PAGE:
# usage of X-bar R Xbar s chart

Six Sigma – iSixSigma Forums Old Forums General usage of X-bar R Xbar s chart

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• #50353

fresher
Participant

Hi Team ,
will appreciate if any one help me in understanding the difference of -X bar R & Xbar s chart , and their usage, i mean when can u use which .
regards
fresher

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#173076

Bower Chiel
Participant

Hi FresherBoth chart pairs do the same job. In his book Introduction to SQC Doug Montgomery advises using Xbar and s charts rather than Xbar and R charts 1. When sample size is greater than 10 or so and 2. When sample size is variable.
Best WishesBower Chiel

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#173081

fresher
Participant

hi Bower,
tnx for u r input , so should i say for a varaible sample of more than 10 one should use Xbar-s & for lesser sample we should use Xbar-r ,
hope i have understood u r guidance propely ,
regarsds

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#173082

Ax Campos
Participant

Hello
Another criteria is to use X-R charts whenever you have to make the calculations by hand directly at the work station. The reason for this is that it is a lot easier to calculate Range than Standard Deviation.

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#173083

fresher
Participant

thnks & whar abt for xbar -s

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#173091

Ron
Member

Xbar & R charts are useful… in any application however, when your sample size is greatewr than 25 -30 statistically you can actually calculate the standrard deviation versus estimating as the Xbar chart does.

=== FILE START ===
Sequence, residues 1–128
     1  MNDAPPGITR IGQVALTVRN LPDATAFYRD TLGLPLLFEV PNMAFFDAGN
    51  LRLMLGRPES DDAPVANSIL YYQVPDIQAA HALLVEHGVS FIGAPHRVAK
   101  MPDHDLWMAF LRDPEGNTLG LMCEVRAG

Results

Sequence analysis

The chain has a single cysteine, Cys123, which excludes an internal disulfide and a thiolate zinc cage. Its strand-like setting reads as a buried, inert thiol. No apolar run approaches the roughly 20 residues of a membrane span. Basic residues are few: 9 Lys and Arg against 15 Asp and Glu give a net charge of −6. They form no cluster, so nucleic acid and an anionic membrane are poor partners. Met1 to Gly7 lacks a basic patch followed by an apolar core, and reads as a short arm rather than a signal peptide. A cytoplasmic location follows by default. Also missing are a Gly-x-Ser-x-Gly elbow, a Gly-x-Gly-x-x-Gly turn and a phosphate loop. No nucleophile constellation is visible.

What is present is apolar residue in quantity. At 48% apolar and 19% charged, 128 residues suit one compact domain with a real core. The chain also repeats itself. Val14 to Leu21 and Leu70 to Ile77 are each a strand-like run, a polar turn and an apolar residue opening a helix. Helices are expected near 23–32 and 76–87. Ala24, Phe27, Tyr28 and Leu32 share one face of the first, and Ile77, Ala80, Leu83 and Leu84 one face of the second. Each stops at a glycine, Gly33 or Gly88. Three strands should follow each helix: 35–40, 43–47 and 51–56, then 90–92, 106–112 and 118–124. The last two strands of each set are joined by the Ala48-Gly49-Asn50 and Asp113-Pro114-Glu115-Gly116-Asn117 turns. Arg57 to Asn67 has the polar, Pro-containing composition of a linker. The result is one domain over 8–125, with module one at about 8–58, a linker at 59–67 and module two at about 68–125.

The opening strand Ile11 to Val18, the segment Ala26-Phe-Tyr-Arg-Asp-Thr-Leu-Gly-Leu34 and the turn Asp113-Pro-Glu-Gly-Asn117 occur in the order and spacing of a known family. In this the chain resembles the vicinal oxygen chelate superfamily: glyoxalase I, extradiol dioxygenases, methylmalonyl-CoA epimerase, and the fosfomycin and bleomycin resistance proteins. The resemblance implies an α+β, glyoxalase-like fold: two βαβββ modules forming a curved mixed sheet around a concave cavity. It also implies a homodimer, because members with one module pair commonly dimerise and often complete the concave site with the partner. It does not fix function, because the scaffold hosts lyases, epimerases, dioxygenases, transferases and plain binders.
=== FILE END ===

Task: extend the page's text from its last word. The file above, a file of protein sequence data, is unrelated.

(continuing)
So use the Xbar & S when you have extremely large sample sizes.

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#173240

Bart
Participant

A nice definition from the Minitab help menu:
Xbar S process behaviors charts display a control chart for subgroup

means (an X chart) and a control chart for subgroup standard deviations (an S chart) in the same graph window. The X chart is drawn in the upper half of the screen; the S chart in the lower half. Seeing both charts together allows you to track both the process level and process variation at the same time, as well as detect the presence of special causes

. See [31] for a discussion of how to interpret joint patterns in the two charts.
X and S charts

are typically used to track process variation for samples of nine or more, while X and R charts

are used for smaller samples.
BDR

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